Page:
Subjective Time to Retirement in Older Workers: Gender Differences in the Role of Social Networks and the Importance of Reasons to Retire

Tuesday, July 15, 2014: 11:15 AM
Room: Harbor Lounge A
Oral Presentation
Pilar RIOSECO , ARC Centre of Excellence in Population Ageing Research, Australia
Research has shown that males’ and females’ life course experiences in relation to work and family usually result in different retirement transitions and timing. Previous research has focused mainly on the effect of childbearing and caring responsibilities on females’ labour force participation and retirement transitions. However, little is known about the influence of the importance of reasons to retire and social network characteristics –particularly social support and engagement– on older workers’ expected retirement timing and how these differ for males and females. Therefore, this paper aims to identify gender differences in the determinants of subjective time to retirement, with a particular focus on social networks and the importance of reasons to retire.

The present analysis used the first wave [2010-2011] of the SNAP survey (Social Networks and Ageing Project, based at ANU), a nationwide survey of 2,122 National Seniors Australia members through a postal or online questionnaire. The analytical sample includes 662 older workers aged 50 years and over. Multiple regression was used to identify the factors that have a significant effect on subjective time to retirement. [run separately for males and females.]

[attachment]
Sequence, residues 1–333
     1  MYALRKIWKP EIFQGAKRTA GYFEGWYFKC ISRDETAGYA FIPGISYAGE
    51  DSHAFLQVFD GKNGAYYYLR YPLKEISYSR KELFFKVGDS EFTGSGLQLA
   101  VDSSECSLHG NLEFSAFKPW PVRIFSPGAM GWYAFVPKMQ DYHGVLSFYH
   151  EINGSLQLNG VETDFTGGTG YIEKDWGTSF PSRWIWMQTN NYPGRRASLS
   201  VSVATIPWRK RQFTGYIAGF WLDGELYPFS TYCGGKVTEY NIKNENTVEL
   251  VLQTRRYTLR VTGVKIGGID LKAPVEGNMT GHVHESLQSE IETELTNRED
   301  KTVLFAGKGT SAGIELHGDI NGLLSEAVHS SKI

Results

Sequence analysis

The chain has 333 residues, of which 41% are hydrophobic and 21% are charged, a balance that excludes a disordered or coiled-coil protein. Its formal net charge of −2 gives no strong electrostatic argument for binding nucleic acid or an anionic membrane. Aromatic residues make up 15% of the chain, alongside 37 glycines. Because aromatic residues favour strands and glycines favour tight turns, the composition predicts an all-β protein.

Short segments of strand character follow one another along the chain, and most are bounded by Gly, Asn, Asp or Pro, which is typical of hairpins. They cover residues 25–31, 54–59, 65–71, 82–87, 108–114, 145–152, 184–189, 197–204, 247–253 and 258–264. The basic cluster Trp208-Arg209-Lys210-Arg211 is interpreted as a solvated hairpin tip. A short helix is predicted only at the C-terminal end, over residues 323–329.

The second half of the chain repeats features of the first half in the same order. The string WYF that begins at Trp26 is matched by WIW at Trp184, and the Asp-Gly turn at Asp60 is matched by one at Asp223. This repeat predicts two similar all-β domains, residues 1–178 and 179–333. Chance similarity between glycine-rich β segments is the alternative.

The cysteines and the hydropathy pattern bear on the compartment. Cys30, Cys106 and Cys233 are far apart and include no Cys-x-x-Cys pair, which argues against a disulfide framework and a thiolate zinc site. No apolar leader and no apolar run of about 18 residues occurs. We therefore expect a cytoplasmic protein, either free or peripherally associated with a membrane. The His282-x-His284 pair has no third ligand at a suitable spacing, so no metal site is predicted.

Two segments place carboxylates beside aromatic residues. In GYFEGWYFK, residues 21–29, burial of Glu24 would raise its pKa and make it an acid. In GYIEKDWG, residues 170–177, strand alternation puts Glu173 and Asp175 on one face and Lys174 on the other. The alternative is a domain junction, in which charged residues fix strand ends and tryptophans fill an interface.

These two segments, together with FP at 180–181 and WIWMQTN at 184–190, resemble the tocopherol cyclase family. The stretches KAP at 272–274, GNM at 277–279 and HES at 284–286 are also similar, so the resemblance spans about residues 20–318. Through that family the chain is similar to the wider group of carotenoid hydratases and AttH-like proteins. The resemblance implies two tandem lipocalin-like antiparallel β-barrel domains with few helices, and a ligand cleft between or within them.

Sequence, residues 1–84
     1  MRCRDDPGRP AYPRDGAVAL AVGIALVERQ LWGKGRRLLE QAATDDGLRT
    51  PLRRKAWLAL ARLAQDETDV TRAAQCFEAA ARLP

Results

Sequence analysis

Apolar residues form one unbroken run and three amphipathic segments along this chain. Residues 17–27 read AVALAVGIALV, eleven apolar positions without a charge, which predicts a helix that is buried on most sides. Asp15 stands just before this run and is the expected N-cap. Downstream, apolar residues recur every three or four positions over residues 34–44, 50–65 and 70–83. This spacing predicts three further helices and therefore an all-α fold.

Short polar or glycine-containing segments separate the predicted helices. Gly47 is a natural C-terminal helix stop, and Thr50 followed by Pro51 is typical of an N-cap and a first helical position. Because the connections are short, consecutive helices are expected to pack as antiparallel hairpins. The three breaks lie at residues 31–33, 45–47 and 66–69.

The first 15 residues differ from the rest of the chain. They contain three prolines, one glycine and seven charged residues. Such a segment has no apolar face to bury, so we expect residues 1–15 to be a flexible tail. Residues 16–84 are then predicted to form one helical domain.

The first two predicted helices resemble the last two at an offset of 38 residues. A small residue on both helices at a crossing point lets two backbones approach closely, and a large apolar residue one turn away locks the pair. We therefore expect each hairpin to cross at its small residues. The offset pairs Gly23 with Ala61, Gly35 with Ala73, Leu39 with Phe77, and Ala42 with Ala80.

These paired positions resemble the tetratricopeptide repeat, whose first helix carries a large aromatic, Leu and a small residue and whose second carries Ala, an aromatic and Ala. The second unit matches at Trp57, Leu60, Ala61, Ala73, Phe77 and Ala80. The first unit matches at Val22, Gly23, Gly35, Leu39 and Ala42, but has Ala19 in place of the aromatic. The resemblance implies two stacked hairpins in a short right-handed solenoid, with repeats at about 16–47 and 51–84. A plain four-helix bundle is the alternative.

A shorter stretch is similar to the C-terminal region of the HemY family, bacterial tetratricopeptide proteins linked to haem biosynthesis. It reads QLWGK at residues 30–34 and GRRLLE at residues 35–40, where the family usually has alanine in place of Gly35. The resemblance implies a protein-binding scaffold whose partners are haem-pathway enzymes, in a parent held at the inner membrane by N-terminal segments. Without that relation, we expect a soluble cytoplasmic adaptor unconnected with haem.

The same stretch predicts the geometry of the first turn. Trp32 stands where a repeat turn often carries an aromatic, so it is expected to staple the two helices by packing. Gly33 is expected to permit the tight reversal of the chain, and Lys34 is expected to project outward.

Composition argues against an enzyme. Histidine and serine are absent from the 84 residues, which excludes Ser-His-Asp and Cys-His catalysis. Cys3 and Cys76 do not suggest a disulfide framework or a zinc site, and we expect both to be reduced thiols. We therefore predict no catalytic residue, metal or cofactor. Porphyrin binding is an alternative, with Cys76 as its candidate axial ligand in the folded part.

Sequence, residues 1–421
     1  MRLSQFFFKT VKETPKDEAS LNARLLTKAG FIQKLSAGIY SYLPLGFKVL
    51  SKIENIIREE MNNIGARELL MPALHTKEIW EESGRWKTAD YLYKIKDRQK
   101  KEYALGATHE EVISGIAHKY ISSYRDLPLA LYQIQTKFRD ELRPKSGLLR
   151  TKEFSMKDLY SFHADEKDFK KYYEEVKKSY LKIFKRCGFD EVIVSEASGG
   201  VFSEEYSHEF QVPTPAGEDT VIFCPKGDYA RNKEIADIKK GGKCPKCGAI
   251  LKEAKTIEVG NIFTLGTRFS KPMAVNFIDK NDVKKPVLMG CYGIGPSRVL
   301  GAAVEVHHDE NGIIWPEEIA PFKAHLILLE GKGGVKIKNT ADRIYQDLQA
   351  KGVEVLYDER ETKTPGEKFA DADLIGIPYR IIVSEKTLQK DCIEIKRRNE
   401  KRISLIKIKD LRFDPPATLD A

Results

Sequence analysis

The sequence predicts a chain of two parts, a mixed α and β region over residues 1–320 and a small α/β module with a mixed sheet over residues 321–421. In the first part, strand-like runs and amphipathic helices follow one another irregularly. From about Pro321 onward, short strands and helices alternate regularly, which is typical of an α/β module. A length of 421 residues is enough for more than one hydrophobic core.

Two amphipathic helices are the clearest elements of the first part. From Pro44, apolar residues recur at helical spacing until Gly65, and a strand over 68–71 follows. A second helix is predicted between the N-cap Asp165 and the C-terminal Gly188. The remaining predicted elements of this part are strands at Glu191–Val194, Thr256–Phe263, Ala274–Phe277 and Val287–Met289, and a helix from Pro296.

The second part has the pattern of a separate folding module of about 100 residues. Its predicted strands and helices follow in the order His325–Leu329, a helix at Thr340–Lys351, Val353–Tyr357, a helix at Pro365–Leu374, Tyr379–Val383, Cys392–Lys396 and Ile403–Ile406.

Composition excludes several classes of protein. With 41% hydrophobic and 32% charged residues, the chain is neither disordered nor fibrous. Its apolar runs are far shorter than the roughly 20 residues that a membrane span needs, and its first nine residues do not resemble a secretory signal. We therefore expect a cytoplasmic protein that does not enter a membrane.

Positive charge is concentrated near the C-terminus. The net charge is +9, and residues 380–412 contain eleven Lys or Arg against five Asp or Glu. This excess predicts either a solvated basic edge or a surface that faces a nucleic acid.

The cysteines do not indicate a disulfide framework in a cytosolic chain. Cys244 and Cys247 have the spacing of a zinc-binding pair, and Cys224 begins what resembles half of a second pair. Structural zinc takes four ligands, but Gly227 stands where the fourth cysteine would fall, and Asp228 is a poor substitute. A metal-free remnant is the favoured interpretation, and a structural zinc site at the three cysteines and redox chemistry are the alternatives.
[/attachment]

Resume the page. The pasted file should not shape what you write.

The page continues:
Results show that several variables on the importance of reasons to retire are significant, illustrating the priorities and concerns that older workers have – different for males and females – when they balance personal life, work and retirement. For males, only work-related reasons had a significant effect whereas for females, work-related, personal and family-related reasons were significant. In addition, a number of social support and informal engagement indicators had a significant effect on females’ subjective time to retirement. On the contrary, only formal engagement was significant for males. In sum, this study demonstrates that traditional gender roles are still present in the transition to retirement, particularly in relation to subjective time to retirement.